Neptune is the fourth-largest planet in the solar system, with an average radius of 24,622 ± 19 km and a mass of 1,0243 × 26 ^ 10 kg. Neptune is 3.86 times larger and 17 times heavier than Earth. But as a gas giant, it has a density as low as 1,638 g / cm³. All of this results in a surface gravity of 11.15 m / s² (or 1.14 g), which is again measured from above the planet’s clouds.
Most importantly, gravity has a wide range in the planets of the solar system. From 0.38 g on Mercury to 2.528 g above Jupiter clouds. On the moon, where the astronauts traveled, there is a very weak gravity equivalent to 0.1654 g, which allows us to have interesting experiences at low gravity! Knowing the effects of low gravity is essential for space travel, especially for long-haul orbits and the International Space Station (ISS). In the coming decades, knowing how to simulate this situation when we want to start sending astronauts into space for long missions; can be very useful. In fact, knowing how strong gravity is on other planets can be essential to completing missions or even staying there. Humanity is accustomed to a surface with a gravity of 1g, so knowing that conditions on other planets that sometimes have a fraction of this gravity can be a distance between death or life for us!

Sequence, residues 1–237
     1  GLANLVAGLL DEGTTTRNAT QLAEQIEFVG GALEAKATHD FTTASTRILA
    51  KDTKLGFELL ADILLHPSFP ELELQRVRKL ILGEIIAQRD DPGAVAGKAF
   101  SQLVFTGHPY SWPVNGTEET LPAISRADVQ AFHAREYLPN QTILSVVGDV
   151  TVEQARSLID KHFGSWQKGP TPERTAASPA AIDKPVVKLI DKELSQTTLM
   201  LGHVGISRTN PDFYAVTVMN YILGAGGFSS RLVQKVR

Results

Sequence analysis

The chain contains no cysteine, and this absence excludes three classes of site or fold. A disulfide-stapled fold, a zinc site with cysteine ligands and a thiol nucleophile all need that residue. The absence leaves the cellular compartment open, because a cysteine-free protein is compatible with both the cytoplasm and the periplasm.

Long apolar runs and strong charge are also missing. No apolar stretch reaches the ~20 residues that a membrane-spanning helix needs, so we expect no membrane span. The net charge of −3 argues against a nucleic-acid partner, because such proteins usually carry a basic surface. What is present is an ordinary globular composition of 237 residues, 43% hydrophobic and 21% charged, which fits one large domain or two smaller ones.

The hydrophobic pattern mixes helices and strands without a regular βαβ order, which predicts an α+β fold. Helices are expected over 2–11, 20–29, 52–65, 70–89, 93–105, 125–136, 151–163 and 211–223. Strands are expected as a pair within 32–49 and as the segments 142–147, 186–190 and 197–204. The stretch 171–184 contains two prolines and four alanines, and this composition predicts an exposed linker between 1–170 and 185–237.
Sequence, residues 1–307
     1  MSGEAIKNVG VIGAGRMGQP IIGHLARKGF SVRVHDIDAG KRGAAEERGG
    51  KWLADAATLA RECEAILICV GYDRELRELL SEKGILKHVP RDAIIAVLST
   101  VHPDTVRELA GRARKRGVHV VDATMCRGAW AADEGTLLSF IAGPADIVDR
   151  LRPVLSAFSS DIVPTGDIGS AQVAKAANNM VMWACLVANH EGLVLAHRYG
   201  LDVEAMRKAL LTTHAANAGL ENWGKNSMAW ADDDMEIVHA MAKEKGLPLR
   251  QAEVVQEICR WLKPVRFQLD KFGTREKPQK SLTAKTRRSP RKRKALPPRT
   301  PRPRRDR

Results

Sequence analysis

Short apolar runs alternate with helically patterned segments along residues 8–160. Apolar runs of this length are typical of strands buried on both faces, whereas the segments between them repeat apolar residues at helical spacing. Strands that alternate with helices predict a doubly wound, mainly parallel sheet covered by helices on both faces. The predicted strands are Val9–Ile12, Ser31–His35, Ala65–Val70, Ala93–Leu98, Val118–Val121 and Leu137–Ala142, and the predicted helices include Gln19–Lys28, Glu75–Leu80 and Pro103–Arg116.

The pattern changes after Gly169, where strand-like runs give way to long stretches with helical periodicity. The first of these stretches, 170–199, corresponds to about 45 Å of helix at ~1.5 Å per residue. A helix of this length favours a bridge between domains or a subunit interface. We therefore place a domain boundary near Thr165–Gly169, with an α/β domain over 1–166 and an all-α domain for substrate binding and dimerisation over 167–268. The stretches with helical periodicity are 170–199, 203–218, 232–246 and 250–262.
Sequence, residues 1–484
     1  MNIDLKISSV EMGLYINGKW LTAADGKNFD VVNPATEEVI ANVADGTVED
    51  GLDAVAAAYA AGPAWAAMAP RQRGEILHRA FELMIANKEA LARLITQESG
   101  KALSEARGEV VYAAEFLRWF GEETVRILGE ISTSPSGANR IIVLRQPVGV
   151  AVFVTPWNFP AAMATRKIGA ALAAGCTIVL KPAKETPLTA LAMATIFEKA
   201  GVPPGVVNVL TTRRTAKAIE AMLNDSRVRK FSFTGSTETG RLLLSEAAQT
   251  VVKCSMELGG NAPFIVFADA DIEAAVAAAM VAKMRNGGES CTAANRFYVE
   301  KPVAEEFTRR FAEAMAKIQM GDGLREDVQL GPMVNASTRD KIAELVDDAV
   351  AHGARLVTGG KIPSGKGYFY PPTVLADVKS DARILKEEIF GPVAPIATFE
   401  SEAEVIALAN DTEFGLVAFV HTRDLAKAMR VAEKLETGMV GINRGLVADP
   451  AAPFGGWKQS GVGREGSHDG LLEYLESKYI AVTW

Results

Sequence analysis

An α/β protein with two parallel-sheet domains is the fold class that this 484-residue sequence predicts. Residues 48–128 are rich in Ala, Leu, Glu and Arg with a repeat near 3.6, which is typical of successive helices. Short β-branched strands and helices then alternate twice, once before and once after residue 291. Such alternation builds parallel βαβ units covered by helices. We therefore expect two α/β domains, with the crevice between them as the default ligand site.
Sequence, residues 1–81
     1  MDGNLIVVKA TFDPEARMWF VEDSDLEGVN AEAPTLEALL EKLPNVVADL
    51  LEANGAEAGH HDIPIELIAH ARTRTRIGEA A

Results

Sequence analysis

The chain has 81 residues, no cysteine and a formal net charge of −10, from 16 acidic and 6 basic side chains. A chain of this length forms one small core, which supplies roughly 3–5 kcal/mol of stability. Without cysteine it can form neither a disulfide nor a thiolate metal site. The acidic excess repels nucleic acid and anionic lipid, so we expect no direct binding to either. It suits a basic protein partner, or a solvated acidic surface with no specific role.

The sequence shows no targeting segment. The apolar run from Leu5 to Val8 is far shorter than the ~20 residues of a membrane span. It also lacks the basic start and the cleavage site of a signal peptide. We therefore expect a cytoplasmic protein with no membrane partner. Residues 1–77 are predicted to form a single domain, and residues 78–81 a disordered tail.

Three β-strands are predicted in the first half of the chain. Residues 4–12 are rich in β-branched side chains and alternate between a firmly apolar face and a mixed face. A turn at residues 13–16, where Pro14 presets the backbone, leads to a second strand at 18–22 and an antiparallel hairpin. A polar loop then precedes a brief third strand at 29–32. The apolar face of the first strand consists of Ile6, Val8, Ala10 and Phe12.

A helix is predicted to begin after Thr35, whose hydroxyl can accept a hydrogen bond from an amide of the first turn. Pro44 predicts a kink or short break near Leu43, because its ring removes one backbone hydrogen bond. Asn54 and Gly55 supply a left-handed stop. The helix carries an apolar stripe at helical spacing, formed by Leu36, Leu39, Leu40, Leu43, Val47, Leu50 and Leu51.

More than 6,000 light-years from Earth, a fast-spinning neutron star called the Black Widow Tapakhtar cast a storm of radiation on its accompanying brown dwarf star as it orbits for nine hours. You who stand on our planet may think that you are just watching this barbaric fin. But in reality, both stars are pulling you towards them. And you kill them, and you are connected by gravity over trillions of kilometers.
The gravity of the deadly force between two bodies has mass – both bodies have mass. That is, everything in the universe absorbs everything else: all the stars, black holes, humans, smartphones, and atoms are constantly pulling each other. So why not feel drawn to the billions? Two reasons: mass and distance.
Gravity on the planets-The basic equation for gravitational force between two things was written in 1687 by Isaac Newton. Scientists’ understanding of gravity has evolved since then, but Newton’s universal law of gravitation still responds well in most situations. Here’s: The force of gravity between two objects is equal to the mass of one multiplied by the mass of the other multiplied by a very small number called the gravity constant, and divided by the distance between two objects to the power of two If you double the mass of one, the force between them doubles. If you double the distance between them, the force between them becomes a quarter.